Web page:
But Bess’s adherence to his tenuous narrative may be what lends such endearing substance to his fragile and delicate picture planes. 

It also sounds as though Bess was not entirely convinced of the relevance engendered by his theoretical treatises. This pervasive insecurity must have contributed to his sense of not belonging, and an unstable ego. His letters are full of pleas for money, and even after Betty Parsons represented his work there doesn't seem to be a consensus that they sold well.        



Untitled, n.d. Oil on canvas 8 x 9”                                                         Hieroglyphics 1950 6" x 7.4"

Although its apparent he eagerly anticipated his New York City sojourns as networking opportunities (Agnes Martin famously took him clothes shopping), his first trip was problematic. 

Arriving two months early (?!) for his first opening at Parsons, and not having enough money to make another round trip, Betty sent him up to a room in Woodstock to paint.

There were also a couple of sessions at the Cedar Tavern with Pollock and Co. that did not go particularly well.       

Bess’s status as an outsider was due in part to his being a country boy, non-collegiate artist, but can also be seen as an intentional choice to withdraw from the mainstream art world. He floated above the fish in his skiff under the warm Texas sun, cutting a heroic Hemingway-esque profile without all the macho bravado. It sounds like there was a laconic ambiance that went along with his regular guy looks, but his brushed back hair, and pipe in a clenched jaw belie a highly aware and introspective persona.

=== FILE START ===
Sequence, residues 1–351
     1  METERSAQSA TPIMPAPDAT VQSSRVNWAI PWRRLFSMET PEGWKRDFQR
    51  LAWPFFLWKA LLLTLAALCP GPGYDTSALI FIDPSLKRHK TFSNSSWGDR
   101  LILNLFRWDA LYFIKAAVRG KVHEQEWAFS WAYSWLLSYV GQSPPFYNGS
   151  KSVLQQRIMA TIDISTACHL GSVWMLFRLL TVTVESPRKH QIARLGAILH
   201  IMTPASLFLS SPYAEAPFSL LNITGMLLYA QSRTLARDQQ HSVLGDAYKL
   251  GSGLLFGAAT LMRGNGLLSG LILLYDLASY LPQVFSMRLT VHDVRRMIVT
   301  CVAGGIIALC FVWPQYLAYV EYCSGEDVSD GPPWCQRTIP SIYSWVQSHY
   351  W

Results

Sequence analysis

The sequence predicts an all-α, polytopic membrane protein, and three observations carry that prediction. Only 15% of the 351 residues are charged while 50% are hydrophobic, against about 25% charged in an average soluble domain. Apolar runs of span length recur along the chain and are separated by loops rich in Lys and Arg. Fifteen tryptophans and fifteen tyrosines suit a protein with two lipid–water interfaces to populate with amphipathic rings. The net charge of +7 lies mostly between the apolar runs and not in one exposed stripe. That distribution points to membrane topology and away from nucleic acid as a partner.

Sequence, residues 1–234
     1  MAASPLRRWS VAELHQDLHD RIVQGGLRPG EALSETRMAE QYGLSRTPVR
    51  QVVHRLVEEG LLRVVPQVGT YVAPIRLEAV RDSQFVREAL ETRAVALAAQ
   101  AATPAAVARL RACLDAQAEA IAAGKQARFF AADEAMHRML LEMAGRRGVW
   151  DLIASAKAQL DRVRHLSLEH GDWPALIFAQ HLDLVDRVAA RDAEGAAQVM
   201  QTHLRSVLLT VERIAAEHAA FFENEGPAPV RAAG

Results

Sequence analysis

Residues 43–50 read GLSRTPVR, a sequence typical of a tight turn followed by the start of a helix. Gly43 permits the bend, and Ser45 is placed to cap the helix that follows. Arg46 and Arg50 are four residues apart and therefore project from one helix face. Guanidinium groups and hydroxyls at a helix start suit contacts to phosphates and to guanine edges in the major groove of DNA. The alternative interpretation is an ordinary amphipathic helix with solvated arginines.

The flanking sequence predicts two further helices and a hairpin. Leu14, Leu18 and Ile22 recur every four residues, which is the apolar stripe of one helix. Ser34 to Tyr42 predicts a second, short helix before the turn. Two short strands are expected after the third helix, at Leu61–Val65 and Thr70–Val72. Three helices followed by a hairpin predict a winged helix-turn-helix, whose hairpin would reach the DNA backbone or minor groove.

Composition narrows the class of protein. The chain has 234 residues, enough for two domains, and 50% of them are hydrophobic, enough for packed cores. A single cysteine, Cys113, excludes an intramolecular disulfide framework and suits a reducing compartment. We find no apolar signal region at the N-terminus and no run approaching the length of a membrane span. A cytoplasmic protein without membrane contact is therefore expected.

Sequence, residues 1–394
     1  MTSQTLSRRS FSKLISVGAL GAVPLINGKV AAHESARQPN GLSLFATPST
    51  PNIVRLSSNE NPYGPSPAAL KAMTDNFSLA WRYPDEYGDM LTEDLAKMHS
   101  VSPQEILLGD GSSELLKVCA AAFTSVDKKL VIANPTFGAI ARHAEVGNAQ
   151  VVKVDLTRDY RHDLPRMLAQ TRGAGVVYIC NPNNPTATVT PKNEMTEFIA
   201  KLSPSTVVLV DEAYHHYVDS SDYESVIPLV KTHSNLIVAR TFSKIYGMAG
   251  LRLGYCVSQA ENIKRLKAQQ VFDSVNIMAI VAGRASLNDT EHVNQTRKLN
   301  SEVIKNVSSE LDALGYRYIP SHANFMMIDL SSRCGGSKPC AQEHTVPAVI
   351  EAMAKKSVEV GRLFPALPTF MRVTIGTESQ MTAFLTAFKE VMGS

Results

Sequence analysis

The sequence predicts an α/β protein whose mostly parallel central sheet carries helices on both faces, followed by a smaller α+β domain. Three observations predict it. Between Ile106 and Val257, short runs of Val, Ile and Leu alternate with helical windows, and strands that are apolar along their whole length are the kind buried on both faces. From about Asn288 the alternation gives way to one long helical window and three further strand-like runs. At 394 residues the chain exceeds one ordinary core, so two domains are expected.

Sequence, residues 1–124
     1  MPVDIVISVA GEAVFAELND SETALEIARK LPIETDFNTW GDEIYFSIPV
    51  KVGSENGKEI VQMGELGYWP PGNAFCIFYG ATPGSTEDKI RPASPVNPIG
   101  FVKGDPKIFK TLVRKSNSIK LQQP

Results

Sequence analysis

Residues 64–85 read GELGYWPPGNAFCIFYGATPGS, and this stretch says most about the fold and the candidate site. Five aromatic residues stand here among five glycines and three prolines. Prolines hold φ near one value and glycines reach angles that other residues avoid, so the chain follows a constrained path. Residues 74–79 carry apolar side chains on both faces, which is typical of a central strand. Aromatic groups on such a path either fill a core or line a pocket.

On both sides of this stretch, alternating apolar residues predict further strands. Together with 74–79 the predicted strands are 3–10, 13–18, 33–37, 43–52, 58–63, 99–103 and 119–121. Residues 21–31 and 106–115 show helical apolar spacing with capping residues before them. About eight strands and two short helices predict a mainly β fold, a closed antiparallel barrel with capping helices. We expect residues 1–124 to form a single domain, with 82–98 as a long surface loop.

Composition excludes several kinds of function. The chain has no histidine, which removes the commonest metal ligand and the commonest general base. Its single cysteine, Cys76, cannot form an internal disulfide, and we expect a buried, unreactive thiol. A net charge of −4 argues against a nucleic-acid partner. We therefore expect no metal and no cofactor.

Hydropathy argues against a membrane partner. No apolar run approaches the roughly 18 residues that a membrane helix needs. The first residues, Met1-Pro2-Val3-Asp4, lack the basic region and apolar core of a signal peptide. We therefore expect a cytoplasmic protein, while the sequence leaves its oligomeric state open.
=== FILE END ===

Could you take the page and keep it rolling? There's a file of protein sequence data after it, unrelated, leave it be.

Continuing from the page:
Bess’s choice to remain isolated on a lonely spit of sand next to the Gulf Of Mexico defines his reclusive inclinations, even if he welcomed the occasional visitation of local townspeople. 


                                                                 Chinquapin studio 



                Forrest Bess

The paintings on exhibit at The Ranch are shown in a renovated barn that nicely fits the ethos of Bess’s rural origins. His father was a roughneck in the West Texas oil business, and though he was moderately successful for a time in the leasing side of the business, the family ended up poor.

After setting up a bait business for recreational fishers, the father’s health failed and Forrest had to assume the Chinquapin bait shack full time.    


Bread and Potatoes 1938 16" x 18" Oil on canvas

The artist’s early work displays an impressive grasp of volume and figure/ground that served him well in his mature phase.

  Carmichael's 1959 16" x 28" Oil on canvas